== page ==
Glass and the terrorist threat
Wrightstyle’s Jane Embury looks at how blast-resistant glazing came about.
The threat of terrorism is one which we live with daily. Objectively and statistically, we may not have much to worry about but perceptually, it’s a different matter.
The main terrorist threat comes not only from the high explosives used in many terrorist incidents but from flying glass and the failure of systems supporting the glass.
According to a submission to the US House of Representatives sub-committee on public buildings and economic development, “glass is the single greatest source of both building damage and human injury in urban bomb attacks. In urban bomb attacks many people can be fatally injured at great distances from the detonation – people who would have survived uninjured but for falling or flying glass.”
The mechanism of injury from blast injuries has been studied since the Balkan Wars in 1914 and continued during and after World Wars I and II. Overall, blast injuries result in mortality ranging between 7.8% in open air to 49% in a confined space. A majority of victims (70%) will sustain soft tissue injury, and traumatic amputations will occur in approximately 11% of cases.
The issue of glass as a terrorist weapon was pushed to the top of the security agenda by the attack on the Alfred P Murrah Federal Building in Oklahoma City in 1995, the first time that a major terrorist attack had happened on US soil and which gave rise to an unprecedented level of buildings research. In that attack, 167 people died and 750 were injured.
Based on research carried out by the Walter Reed Army Medical Center following the Oklahoma explosion, another fact from the NCTC is that “blasts involving explosives inflict severe … injury, mostly as a result of secondary blast effects from glass [and other] debris”.
The day after the Oklahoma bombing, the US President instructed the Department of Justice to see what conclusions could be drawn in terms of protecting federal buildings. One of the DOJ’s key findings was “to provide for [the] application of shatter-resistant material to protect personnel and citizens from the hazards of flying glass”.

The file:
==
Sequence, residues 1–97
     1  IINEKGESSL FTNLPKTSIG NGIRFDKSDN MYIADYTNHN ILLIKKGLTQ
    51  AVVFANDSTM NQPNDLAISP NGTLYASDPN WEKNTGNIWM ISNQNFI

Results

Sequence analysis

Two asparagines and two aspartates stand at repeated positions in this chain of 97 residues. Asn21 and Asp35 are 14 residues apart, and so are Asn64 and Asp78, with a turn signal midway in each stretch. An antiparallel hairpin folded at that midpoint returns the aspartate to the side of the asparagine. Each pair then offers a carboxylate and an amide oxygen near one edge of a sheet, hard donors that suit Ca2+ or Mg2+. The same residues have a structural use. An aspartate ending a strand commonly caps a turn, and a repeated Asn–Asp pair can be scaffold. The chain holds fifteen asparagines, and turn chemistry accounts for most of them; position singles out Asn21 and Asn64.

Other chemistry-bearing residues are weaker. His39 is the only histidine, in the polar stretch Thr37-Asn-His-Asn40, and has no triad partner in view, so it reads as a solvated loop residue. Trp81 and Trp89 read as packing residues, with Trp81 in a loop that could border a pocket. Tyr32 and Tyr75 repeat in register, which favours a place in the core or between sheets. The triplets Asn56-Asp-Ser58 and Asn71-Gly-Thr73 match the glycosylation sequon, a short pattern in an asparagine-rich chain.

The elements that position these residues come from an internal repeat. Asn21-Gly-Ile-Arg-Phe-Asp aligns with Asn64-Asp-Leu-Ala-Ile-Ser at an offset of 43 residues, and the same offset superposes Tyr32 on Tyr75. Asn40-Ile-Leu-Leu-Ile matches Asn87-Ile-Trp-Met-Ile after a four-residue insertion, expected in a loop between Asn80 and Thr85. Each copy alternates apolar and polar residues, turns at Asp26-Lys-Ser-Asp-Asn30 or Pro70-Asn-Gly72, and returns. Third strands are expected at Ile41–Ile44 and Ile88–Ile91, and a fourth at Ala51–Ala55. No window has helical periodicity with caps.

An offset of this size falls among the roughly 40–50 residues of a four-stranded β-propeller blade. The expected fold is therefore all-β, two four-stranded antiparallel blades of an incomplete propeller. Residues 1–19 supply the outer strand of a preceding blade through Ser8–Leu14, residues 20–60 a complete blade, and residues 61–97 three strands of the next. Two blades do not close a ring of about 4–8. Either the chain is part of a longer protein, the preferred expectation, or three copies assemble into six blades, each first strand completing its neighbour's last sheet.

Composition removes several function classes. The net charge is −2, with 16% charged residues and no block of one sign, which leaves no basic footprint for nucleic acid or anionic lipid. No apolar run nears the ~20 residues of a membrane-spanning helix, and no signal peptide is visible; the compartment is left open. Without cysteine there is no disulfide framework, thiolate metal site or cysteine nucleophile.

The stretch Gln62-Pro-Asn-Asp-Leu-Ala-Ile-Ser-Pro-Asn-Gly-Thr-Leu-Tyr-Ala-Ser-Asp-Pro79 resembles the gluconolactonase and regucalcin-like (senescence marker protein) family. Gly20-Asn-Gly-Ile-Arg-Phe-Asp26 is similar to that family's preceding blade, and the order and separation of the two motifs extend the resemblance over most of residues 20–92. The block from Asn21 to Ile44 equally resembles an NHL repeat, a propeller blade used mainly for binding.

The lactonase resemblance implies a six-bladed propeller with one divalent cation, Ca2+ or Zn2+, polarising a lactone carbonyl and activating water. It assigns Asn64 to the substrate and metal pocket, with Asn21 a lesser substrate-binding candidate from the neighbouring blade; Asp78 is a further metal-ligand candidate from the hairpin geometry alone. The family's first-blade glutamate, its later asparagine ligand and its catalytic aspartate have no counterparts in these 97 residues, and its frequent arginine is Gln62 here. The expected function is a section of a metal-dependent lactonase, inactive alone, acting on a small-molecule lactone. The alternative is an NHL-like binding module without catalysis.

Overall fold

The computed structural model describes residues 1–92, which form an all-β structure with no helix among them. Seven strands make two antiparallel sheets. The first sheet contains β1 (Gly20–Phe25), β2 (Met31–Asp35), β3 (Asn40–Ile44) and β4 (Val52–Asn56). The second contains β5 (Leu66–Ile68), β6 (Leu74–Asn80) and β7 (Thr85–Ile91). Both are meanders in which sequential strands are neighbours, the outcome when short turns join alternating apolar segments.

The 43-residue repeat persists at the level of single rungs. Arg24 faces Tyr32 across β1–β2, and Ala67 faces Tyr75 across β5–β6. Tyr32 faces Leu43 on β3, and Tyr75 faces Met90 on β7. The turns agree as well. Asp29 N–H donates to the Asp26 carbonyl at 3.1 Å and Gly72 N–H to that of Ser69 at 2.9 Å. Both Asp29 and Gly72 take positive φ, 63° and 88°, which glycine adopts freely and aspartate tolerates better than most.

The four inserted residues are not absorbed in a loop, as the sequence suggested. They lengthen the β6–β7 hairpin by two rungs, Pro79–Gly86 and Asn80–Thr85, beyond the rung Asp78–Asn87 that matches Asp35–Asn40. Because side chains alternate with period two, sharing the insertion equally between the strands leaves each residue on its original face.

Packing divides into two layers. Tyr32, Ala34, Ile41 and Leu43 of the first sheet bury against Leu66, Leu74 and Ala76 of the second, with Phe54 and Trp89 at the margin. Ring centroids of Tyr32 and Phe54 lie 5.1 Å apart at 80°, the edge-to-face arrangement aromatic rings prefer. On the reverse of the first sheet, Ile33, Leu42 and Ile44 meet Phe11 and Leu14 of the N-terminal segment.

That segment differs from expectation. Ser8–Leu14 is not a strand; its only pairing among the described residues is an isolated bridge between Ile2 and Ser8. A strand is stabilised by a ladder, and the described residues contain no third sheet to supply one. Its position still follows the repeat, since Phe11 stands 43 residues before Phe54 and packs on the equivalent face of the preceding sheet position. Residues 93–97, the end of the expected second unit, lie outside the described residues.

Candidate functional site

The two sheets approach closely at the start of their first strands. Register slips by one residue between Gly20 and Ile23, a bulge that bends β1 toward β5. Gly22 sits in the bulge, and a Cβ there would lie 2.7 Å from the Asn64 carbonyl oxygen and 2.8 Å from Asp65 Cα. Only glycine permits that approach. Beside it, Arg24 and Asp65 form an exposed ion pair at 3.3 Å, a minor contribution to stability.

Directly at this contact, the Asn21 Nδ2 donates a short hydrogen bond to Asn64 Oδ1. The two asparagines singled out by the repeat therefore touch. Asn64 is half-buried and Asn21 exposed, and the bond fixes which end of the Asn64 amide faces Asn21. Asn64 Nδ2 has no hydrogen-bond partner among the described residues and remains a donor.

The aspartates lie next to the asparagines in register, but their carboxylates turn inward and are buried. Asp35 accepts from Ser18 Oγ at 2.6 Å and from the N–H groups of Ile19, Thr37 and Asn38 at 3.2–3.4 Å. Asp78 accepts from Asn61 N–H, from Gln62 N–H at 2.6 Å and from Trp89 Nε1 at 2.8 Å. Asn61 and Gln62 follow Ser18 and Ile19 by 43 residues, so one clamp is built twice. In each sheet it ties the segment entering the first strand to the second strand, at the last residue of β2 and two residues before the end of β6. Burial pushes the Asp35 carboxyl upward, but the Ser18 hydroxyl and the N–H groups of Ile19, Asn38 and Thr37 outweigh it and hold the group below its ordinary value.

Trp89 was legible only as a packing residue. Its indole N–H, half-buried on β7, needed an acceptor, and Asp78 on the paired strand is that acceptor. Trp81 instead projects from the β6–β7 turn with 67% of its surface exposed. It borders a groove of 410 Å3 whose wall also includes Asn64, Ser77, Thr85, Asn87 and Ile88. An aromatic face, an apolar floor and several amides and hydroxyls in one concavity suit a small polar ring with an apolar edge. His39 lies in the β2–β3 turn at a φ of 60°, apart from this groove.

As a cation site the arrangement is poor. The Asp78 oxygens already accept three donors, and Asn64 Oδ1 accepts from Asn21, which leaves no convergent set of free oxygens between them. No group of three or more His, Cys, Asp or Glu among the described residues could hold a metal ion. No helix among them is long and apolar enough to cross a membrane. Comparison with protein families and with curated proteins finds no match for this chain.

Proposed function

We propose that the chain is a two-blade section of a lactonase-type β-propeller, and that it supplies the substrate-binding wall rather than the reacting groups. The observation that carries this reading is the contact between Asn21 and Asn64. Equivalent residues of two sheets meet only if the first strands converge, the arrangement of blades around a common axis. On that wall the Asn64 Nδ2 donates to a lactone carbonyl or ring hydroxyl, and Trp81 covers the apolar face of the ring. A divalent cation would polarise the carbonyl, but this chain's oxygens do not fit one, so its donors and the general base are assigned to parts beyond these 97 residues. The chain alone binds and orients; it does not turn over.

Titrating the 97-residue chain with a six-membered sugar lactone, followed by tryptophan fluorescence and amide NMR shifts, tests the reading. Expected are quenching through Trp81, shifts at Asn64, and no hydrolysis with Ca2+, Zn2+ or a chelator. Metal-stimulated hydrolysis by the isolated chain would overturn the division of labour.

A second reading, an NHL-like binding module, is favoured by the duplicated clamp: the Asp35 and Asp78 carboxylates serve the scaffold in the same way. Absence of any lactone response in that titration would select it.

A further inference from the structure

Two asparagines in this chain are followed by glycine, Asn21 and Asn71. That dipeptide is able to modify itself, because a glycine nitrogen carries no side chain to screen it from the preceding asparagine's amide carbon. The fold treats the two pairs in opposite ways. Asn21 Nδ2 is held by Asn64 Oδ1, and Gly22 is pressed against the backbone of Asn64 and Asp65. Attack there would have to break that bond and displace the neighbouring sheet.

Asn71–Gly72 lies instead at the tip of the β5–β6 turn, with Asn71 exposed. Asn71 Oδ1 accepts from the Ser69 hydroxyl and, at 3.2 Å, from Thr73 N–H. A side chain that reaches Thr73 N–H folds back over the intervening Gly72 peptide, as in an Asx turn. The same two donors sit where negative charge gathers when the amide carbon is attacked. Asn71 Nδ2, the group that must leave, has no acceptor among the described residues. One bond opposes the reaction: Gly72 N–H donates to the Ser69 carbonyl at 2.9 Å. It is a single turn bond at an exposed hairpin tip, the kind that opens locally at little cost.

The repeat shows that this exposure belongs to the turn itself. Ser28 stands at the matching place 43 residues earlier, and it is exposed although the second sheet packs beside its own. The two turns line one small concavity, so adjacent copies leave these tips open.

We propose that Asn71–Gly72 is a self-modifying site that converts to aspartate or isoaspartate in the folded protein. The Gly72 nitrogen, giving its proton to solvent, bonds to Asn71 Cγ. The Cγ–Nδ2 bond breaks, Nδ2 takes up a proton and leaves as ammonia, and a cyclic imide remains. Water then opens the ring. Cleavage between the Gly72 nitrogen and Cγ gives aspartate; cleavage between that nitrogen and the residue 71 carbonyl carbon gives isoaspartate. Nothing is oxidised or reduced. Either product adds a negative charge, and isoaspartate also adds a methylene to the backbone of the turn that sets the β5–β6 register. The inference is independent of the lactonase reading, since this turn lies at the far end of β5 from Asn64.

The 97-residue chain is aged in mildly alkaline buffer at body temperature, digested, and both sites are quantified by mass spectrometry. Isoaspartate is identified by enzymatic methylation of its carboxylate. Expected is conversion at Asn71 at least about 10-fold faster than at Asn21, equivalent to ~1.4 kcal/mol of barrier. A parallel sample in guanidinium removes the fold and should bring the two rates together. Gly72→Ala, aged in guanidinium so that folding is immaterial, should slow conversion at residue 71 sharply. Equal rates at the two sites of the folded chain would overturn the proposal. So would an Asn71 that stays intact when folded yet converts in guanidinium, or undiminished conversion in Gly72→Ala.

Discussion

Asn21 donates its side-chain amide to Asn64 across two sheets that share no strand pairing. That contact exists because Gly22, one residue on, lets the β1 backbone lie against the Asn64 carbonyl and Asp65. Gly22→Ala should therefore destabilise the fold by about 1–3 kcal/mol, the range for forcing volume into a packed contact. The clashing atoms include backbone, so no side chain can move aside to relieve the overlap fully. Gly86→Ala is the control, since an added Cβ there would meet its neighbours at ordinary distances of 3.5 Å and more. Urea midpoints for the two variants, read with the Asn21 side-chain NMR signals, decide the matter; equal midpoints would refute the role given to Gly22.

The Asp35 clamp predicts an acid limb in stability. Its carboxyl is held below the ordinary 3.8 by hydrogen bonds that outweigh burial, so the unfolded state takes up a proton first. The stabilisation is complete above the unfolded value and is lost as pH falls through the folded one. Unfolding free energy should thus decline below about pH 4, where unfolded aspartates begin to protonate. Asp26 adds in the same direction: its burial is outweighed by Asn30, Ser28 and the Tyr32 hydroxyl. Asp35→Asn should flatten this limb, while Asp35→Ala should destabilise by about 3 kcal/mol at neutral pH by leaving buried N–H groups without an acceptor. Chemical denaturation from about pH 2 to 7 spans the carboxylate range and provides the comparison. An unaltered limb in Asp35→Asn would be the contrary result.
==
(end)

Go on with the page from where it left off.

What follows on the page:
At Oklahoma, glass fragments were found six miles from the detonation. In New York on 9/11, 15,500 windows were damaged within a mile of Ground Zero – nearly 9,000 within half that distance.
In the wake of the Oklahoma outrage, researchers from the Glass Research and Testing Laboratory at Texas Tech University found that damage to property and person could have been reduced if laminated glass had been used in the buildings that surrounded the federal building.
Ways to mitigate against blast hazards posed by terrorism had to be found, and quickly.
An initial knee-jerk response to design high-risk buildings with smaller windows was quietly kicked into the long grass. Nobody wants to work in a bunker, architects didn’t want their designs to be compromised, and planners and politicians didn’t want to feel that terrorism – in design terms – was dictating what cityscapes should look like.
The architectural and aesthetic imperative was to find new ways that would allow buildings to continue to make full use of structural glazing and curtain walling.
Wrightstyle started designing and testing glass types and framing systems, to find new ways to reduce profile widths. The objective of our research journey, which spanned six years, was to design a blast-resistant system that didn’t look like a blast-resistant system.
That journey took us to RAF Spadeadam, and a test site belonging to Advantica, a global engineering consultancy that provides services, software and consultancy to the gas, water and energy sectors, but which also specialises in large-scale test work of a hazardous or potentially hazardous nature.
Those hazards include explosives because, unless you try to test a glazing system to destruction, you have no empirical data on which to base your safety conclusions. Our view is that it’s much better to see what happens when you test a glazing system for real.
For Wrightstyle, Advantica set off the largest explosive device they are prepared to detonate on their site, to simulate what would happen to our glazing system if a lorry packed with 500kg of TNT-equivalent explosive was detonated nearby.
Our integrated system then passed a second test when we moved the seat of the explosion closer to the glass and simulated a car bomb attack. It might have been a smaller explosion but, being closer to the test rig, it generated a more intense shock wave.
The twin test was significant for two reasons. First, nobody – as far as we know – has ever tested against a lorry bomb attack followed quickly by a car bomb attack. It’s a test scenario that in normal circumstances is uncalled for.
Second, most tests of this kind use only a single module of glass. Ours was a multi-panel large span assembly with a slim 60mm profile width. That means that our blast-resistant assembly is indistinguishable from a non-blast rated assembly – meaning that a span of our high-security curtain walling will look no different from any other system.
Since that test, our blast-resistant systems have been specified internationally. It may be a small victory but it does mean that we’ve taken glass from the terrorist’s arsenal.